>  $ ./gdb ./gdb
>  (top-gdb) show commands  // history contains top gdb's commands.
>  (top-gdb) run
>  (gdb) most recent history is the top-gdb's history
>
>
> I'd suggest that a better way to handle that use case is to start
> the inferior gdb with a different history file, like, e.g.:
>
>  $ export g="./gdb -data-directory=data-directory"
>  $ gdb --args $g -ex "set history file /tmp/hist"
>
> (I have that $g export in my .bashrc, since I use it so often.)
>
>>
>> gdb/ChangeLog:
>>
>>       * top.h (gdb_add_history): Declare.
>>       * top.c (command_count): New variable.
>>       (gdb_add_history): New function.
>>       (quit_force): Append to history file instead of overwriting it.
>>       Truncate the history file afterwards.
>>       (command_line_input): Use gdb_add_history instead of
>>       add_history.
>>       * event-top.c (command_line_handler): Likewise.
>> ---
>>   gdb/event-top.c |  2 +-
>>   gdb/top.c       | 20 +++++++++++++++++---
>>   gdb/top.h       |  2 ++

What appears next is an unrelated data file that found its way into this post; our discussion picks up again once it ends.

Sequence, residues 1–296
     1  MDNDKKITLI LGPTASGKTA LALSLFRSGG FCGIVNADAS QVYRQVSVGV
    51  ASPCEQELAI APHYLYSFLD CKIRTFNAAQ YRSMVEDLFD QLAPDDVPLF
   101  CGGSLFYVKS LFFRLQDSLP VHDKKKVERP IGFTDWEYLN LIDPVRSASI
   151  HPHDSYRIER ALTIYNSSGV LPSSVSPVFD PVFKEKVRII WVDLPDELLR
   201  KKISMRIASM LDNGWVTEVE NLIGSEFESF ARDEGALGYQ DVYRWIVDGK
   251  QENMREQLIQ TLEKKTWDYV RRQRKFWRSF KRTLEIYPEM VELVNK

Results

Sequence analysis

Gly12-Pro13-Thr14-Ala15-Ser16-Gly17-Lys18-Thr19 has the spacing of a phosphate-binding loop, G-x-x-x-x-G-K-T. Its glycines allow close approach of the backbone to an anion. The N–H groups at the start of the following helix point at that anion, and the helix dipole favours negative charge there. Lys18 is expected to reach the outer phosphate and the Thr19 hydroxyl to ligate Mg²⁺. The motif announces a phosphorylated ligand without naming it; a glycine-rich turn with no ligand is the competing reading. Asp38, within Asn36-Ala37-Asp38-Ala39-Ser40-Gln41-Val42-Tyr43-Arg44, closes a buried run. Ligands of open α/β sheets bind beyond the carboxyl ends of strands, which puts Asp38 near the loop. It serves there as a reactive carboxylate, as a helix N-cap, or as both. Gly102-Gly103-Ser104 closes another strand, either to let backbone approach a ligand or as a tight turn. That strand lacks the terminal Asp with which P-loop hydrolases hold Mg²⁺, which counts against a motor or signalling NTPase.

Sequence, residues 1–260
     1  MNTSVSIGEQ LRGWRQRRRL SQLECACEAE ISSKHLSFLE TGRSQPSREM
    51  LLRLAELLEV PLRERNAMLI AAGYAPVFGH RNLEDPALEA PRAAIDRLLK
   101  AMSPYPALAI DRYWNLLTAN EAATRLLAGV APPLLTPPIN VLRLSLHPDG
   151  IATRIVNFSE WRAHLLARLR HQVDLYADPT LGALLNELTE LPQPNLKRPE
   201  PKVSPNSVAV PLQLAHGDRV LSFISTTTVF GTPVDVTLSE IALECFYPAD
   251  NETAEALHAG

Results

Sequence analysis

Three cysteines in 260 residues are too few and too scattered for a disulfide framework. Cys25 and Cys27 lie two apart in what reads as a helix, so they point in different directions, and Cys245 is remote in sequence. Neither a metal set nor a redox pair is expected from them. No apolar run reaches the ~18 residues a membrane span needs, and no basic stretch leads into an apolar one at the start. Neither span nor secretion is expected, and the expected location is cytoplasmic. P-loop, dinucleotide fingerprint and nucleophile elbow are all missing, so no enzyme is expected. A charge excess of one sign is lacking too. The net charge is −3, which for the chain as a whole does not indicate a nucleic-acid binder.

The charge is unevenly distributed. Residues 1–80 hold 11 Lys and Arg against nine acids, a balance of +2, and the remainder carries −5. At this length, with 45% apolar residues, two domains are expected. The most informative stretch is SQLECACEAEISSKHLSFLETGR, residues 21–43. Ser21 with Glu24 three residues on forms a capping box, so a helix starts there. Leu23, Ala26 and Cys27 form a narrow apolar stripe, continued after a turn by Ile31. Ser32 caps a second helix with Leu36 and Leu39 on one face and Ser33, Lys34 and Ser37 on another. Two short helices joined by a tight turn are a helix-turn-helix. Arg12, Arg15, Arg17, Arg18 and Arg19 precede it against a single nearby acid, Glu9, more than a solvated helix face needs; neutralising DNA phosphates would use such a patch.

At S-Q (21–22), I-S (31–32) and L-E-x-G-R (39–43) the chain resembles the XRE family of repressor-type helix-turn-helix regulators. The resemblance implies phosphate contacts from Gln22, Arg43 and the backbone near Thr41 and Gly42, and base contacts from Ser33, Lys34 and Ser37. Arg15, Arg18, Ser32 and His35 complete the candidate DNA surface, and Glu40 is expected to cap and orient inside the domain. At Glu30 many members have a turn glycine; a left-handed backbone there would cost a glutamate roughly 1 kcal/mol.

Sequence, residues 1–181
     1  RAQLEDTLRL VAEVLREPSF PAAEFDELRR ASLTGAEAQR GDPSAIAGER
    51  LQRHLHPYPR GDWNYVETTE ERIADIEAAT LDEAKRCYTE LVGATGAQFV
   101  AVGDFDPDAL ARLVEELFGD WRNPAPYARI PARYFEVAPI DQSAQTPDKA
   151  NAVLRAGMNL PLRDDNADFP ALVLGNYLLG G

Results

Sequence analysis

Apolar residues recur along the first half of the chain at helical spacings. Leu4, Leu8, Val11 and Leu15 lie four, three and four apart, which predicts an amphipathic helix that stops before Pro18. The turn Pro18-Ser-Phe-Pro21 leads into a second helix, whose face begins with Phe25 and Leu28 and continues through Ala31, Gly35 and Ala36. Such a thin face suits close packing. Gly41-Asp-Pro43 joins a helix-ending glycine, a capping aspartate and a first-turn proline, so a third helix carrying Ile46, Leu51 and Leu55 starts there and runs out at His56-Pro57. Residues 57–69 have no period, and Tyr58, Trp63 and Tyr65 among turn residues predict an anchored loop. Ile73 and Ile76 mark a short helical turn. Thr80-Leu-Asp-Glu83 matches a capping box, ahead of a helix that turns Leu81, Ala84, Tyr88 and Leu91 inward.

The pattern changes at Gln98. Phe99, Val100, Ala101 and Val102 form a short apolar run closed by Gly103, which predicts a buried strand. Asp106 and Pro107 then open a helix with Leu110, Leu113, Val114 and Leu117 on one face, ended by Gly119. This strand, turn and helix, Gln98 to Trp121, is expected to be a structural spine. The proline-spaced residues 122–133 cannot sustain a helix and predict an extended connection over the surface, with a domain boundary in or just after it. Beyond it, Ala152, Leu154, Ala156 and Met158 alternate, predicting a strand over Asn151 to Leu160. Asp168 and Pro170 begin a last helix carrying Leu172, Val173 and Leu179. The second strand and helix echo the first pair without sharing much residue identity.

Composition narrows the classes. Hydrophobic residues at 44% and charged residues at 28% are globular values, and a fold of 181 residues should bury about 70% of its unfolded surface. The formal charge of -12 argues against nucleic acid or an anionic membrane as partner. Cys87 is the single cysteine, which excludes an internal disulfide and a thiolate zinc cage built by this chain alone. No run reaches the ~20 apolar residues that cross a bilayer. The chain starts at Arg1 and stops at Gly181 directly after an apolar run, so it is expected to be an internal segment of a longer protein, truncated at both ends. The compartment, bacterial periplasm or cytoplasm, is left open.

>>   3 files changed, 20 insertions(+), 4 deletions(-)
>>
>> diff --git a/gdb/event-top.c b/gdb/event-top.c
>> index cb438ac..490bca6 100644
>> --- a/gdb/event-top.c
>> +++ b/gdb/event-top.c
>> @@ -667,7 +667,7 @@ command_line_handler (char *rl)
>>
>>     /* Add line to history if appropriate.  */
>>     if (*linebuffer && input_from_terminal_p ())
>> -    add_history (linebuffer);
>> +    gdb_add_history (linebuffer);
>>
>>     /* Note: lines consisting solely of comments are added to the command
>>        history.  This is useful when you type a command, and then
>> diff --git a/gdb/top.c b/gdb/top.c
>> index c4b5c2c..9a5ed1e 100644
>> --- a/gdb/top.c
>> +++ b/gdb/top.c
>> @@ -895,7 +895,20 @@ gdb_rl_operate_and_get_next (int count, int key)
>>
>>     return rl_newline (1, key);
>>   }
>> -
>> +
>> +/* Number of user commands executed during this session.  */
>> +
>> +static int command_count = 0;
>> +
>> +/* Add the user command COMMAND to the input history list.  */